Today, 19th November 2021, will mark Ireland's first Adult Safeguarding Day. According to Safeguarding Ireland, an organisation which promotes safeguarding of vulnerable adults to protect them from all forms of abuse by persons, organisations and institutions and to develop a national plan for promoting their welfare, Safeguarding is "putting measures in place to uphold our rights, to support our health and wellbeing, to reduce our risk of harm – and to empower us to protect ourselves."
National Adult Safeguarding Day raises awareness of safeguarding issues for adults who may be at risk of abuse. Types of abuse experienced by adults include: Physical, Emotional, Financial, Sexual, Organisational, Online abuse and Neglect.
Safeguarding in Ireland
There are nine HSE Safeguarding and Protection Teams (SPTs), one in each CHO (Community Healthcare Organisations) throughout Ireland. Each SPT is tasked with co-ordinating consistent responses to concerns of abuse and neglect. According to the 2020 Annual Report of the HSE National Safeguarding Office, since 2015 there have been some other key advances and developments:
- Setting up of a structure of over 1,900 designated officers across the social care sector with specific lead safeguarding roles.
- Compilation and management of a national database of designated officers who have a lead role for screening and notifying cases of alleged abuse and neglect.
- Development of an inter-sectoral national safeguarding committee now known as Safeguarding Ireland.
- Development and delivery of adult safeguarding training programmes nationally which includes a basic awareness raising training programme for all and specific training for designated officers. Since 2015, there has been over 100,000 completions of safeguarding training.
- Establishment of safeguarding committees in each of the nine CHOs with the aim of supporting the development of a culture which promotes the welfare of vulnerable adults and provide support and advice to the SPTs and senior management.
Key findings from the 2020 report in relation to Safeguarding are:
- Despite the pandemic and resultant societal restrictions, there were over 10,000 safeguarding concerns notified to the HSE in 2020 which is a 9% decline on the figure for 2019.
- Between the years 2016-2020, cumulatively there have been in excess of 51,000 concerns notified to the Safeguarding Teams of the HSE.
- The pattern of age profile of notifications is 66% for those under 65 years of age and 34% for persons aged over 65.
- The total number of notifications for persons aged over 65 was 3,412 in 2020 compared to 3,337 in 2019.
- For persons aged under 65 the most significant category of alleged abuse remains physical abuse followed by psychological abuse.
- For persons aged 65+ the most significant categories of alleged abuse are psychological abuse, physical abuse and financial abuse.
- Alleged financial abuse and neglect increase with age with the highest level of reporting in those over 80 years.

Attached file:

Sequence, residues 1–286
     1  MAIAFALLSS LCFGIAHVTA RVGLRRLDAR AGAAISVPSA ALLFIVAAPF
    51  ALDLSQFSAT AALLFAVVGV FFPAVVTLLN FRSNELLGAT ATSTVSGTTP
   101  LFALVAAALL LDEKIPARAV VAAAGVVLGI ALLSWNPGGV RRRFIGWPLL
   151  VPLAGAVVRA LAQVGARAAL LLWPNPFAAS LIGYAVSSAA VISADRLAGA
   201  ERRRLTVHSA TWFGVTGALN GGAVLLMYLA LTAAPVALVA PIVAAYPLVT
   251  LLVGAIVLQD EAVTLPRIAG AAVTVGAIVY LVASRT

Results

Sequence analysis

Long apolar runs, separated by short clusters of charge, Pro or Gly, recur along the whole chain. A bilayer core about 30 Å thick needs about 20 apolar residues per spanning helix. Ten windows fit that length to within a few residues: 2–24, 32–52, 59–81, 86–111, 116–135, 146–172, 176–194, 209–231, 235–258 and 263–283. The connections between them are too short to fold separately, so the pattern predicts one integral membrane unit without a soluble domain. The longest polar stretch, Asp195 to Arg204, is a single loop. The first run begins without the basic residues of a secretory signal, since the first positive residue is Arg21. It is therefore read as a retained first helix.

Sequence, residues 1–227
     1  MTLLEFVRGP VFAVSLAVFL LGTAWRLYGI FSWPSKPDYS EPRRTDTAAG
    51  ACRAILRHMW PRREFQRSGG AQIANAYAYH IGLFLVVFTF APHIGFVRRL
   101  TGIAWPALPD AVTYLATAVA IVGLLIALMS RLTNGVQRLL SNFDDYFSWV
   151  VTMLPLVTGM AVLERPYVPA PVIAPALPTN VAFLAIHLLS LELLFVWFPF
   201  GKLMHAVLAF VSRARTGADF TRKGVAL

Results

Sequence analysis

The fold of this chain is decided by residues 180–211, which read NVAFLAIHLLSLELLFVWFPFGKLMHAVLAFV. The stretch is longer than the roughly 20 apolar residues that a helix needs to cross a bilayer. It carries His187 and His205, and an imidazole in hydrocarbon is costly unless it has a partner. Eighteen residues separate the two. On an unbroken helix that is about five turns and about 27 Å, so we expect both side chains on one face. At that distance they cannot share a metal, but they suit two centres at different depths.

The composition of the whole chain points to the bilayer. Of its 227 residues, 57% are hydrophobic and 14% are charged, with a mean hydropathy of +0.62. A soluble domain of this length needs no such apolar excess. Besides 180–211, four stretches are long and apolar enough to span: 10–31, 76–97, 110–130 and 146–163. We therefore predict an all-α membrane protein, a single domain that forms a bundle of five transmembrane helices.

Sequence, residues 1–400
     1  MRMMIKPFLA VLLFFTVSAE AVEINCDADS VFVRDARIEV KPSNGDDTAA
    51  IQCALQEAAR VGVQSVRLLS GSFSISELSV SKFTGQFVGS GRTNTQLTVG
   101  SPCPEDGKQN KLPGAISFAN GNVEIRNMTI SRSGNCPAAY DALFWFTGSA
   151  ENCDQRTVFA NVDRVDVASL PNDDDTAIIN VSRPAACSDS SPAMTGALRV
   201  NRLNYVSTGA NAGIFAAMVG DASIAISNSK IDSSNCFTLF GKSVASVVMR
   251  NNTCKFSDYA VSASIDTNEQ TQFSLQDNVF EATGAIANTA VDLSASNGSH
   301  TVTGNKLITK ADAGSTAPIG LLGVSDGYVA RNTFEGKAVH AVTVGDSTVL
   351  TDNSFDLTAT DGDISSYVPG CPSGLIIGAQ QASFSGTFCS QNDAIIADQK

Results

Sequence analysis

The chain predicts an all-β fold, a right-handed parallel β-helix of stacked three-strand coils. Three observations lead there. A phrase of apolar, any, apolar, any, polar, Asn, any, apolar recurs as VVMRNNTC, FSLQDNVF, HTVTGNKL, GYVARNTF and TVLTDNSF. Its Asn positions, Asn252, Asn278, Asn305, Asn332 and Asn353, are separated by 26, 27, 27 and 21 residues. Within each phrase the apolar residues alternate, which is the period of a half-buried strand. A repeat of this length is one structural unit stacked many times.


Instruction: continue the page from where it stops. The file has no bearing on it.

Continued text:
While the 10,153 reports made to the HSE Safeguarding teams amounts to just 2.84 reports per 1,000 of the population, the prevalence of reports increases with age. The rate of reporting per 1,000 adults aged 18 to 64 years was 2.30, compared to 5.35 - more than double - per 1,000 of adults aged 65+.
This is in contrast to a survey conducted by Safeguarding Ireland which found that one in two Irish adults claim experience of vulnerable adult abuse. Physical abuse of vulnerable adults has been witnessed, or suspected, by 1 in 3 adults; and emotional abuse is the most common type with over 1 in 3 having experienced it.
The majority of referrals (65 per cent) to the HSE Safeguarding teams are made by voluntary agencies, 8 per cent were made by Public Health Nurses, and just 2 per cent were made by the adult themselves.
Profile of Alledged Abuser
Consistent with previous years, more than half of all reports of alleged abuse of adults aged 18+ (53 per cent) were made in respect of another service user or peer. More than one in five (22 per cent) concerned an immediate family member, and 17 per cent concerned staff. Of the remaining reports, 3 per cent were in respect of a neighbour or friend, 3 per cent were in respect of an Other Relative, and 2 per cent referred to a stranger.
When disaggregated by age, the data indicates that over two thirds (66 per cent) of reported abuse of adults aged 18 to 64 years was made against another service user or peer, with 17 per cent alleged against staff and 10 per cent alleged against an immediate family member. This compares to reports in respect of adults aged 65+, where 50 per cent were made in respect of immediate family members, 23 per cent against another service user or peer, and 15 per cent against staff.
All reports received by the HSE Safeguarding teams are assessed to determine if there are reasonable grounds for concern. In 2020, 65 per cent of reports received were found to be based on reasonable grounds, with 26 per cent being found to have no reasonable grounds and 9 per cent requiring further information.
At a policy level, Social Justice Ireland has called for more resources for the HSE Safeguarding Teams to fully investigate and address safeguarding concerns and to roll out increased training for medical, social work, and communities engaging with vulnerable adults. In addition, it is beyond time that the Assisted Decision Making (Capacity) Act, 2015 is fully implemented, supported by the resources required to ensure its effectiveness.
For anyone who may be concerned about a vulnerable adult, Safeguarding Ireland's website contains a range of useful resources and supports on spotting and reporting issues of concern.